“22. Considering the totality of the above facts namely that Shri Somendra Khosla is a NRI, he is in the business of development of real estate and he is a man of substantial means, in my opinion, if he has decided to invest in the real estate in India, the genuineness cannot be doubted unless there is any evidence to the contrary. The Revenue has doubted the genuineness merely on the basis of presumption and suspicion ignoring the documentary evidences produced by the assessee, which establish the genuineness of transaction.

23. In view of the above, in my opinion, the assessee has duly establ ished the identity of the creditor, creditworthiness of the creditor and also genuineness of the transaction. Thus, the onus of proving the cash credit which lays upon the assessee is duly discharged. Accordingly, I answer  question no.1 in favour of the assessee and hold that the addition of Rs.4,78,12,403/- and

Rs.1,02,91,176/- made and conf irmed by the lower authorities under section 68 of the Income Tax Act are liable to be deleted.”

On the second point of difference, the ld. Third Member vide paragraphs 27, 28 and 29 of his order has held as under :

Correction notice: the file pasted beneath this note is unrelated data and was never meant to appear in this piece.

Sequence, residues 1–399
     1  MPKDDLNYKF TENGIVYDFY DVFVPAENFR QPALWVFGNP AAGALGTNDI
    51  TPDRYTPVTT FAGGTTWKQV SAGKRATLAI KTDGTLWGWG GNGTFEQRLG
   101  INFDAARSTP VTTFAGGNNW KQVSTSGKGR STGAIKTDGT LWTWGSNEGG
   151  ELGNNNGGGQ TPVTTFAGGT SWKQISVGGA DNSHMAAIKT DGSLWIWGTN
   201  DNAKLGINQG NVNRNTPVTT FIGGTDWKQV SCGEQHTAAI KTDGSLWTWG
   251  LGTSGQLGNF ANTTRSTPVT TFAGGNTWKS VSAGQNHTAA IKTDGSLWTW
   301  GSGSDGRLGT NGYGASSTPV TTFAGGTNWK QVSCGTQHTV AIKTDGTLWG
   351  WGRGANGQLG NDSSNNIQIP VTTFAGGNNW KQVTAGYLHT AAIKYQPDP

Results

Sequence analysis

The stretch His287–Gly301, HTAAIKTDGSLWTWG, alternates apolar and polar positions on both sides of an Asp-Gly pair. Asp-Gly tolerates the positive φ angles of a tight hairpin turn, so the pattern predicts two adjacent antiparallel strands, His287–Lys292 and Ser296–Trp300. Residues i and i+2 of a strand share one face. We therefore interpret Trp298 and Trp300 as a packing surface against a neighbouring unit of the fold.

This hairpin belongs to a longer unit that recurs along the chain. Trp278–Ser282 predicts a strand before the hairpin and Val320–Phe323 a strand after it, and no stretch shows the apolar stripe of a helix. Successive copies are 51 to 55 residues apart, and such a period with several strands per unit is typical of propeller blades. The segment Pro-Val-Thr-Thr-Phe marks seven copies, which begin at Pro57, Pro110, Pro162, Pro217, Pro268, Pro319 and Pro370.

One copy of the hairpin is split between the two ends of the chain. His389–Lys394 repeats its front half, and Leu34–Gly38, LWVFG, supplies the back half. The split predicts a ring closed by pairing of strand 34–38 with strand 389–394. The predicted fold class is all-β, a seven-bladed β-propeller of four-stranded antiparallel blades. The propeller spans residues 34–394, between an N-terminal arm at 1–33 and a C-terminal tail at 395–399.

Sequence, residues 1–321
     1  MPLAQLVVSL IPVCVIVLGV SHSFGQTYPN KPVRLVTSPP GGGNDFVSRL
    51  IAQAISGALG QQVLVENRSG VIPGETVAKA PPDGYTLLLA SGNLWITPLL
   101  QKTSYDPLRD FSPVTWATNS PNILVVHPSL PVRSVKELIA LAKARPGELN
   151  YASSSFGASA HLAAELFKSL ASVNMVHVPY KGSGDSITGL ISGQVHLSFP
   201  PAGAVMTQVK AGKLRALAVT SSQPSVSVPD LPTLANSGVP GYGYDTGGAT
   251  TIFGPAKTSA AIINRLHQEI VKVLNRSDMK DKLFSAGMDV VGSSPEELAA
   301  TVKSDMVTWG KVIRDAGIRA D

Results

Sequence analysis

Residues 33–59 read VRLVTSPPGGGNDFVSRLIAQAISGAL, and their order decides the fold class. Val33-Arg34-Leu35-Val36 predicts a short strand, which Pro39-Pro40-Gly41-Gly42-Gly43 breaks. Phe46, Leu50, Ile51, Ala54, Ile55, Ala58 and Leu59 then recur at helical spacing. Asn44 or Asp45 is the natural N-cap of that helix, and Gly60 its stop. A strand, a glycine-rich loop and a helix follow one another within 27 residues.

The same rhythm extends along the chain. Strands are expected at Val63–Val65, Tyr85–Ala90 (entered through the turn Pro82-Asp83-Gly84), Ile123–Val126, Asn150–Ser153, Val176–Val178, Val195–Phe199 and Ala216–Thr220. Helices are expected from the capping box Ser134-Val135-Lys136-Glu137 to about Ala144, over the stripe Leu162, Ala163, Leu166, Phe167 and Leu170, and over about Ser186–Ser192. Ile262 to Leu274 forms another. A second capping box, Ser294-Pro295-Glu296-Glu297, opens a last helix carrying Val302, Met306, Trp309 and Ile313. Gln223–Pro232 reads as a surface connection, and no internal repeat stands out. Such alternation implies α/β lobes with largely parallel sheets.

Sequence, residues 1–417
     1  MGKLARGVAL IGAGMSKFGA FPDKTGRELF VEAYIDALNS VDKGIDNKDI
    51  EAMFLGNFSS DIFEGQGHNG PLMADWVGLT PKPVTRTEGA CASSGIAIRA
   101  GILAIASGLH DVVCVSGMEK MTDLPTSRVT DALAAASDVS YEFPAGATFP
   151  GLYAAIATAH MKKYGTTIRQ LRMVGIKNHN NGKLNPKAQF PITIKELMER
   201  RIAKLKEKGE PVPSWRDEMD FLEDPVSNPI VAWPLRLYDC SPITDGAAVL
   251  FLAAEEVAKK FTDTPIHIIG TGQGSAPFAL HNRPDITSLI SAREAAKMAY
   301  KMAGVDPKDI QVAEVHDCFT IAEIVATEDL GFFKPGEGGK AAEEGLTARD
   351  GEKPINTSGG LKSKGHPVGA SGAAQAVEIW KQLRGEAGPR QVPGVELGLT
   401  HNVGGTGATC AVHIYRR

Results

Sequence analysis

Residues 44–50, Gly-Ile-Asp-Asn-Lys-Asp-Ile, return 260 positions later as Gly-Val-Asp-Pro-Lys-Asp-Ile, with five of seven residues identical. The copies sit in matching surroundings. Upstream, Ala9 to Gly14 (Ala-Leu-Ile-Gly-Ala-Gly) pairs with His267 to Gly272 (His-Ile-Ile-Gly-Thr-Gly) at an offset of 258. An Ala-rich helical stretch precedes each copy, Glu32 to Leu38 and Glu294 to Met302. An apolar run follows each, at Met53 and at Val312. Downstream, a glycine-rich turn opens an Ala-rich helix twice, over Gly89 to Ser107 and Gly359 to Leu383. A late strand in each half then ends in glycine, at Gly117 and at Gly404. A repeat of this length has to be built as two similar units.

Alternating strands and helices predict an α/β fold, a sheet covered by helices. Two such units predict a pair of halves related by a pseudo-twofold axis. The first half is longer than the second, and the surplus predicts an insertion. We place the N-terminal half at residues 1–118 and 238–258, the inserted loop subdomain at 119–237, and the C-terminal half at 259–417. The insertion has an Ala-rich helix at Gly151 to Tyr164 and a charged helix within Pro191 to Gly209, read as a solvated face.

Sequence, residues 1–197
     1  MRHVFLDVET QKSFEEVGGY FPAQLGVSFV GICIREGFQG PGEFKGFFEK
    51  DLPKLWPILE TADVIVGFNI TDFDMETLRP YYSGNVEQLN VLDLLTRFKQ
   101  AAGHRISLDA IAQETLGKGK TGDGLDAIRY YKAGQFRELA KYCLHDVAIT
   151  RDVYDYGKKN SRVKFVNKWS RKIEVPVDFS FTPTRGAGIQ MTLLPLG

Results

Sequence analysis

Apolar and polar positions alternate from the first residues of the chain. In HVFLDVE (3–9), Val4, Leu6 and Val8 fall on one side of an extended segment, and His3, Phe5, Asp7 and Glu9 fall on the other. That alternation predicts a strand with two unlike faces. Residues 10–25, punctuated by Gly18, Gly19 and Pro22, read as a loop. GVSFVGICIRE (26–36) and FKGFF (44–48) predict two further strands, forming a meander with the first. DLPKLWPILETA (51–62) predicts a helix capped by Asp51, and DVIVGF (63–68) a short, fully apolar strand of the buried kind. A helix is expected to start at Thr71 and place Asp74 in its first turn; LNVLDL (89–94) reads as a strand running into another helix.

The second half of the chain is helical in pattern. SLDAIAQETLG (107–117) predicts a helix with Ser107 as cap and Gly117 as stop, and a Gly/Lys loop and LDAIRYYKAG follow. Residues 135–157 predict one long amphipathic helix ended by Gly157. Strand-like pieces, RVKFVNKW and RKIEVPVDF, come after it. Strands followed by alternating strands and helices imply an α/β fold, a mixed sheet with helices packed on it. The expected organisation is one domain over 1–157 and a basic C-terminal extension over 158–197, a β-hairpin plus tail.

“27..….The assessee has furnished the profit and loss account in its paper book and from the perusal of which it is evident that the total expenditure debited in the profit and loss account was only Rs.86,97,337/-. When the total expenditure incurred by the assessee during the year under consideration was Rs.86,97,337/-, by no stretch of imagination, it can include the expenditure incurred by CKIL for which debit note amounting to Rs.7,56,16,910/- was raised by the assessee. When the assessee has not claimed the deduction in respect of the expenditure of Rs.7,56,16,910/-, the question of disal lowing the same in the case of the assessee cannot arise.

28. With regard to the operating fee of Rs.61,93,015/- is concerned, I find that the assessee received the identical amount from THSL and paid the same to TSHL. Here again, in real terms, the assessee has neither received any income nor incurred any expenditure. It entered into an agreement with THSL for operating their hotel namely Tulip Star. Simultaneously, the assessee entered into another agreement with THSL for operating the said hotel. The entire operating fee receivable by the assessee for operating the hotel was passed on to TSHL.

Therefore, in effect, the assessee has not claimed expenditure of Rs.61,93,015/-. As I have mentioned earl ier that in the prof it and loss account, the assessee debited total expenditure of only Rs.86,97,337/- the detai ls of which is given in the Schedule ‘G’ to the prof it and loss account which is as under :

 “SCHEDULE ANNEXED TO AND FORMING PART OF THE ACCOUNTS FOR THE YEAR ENDED 31 ST MARCH 2004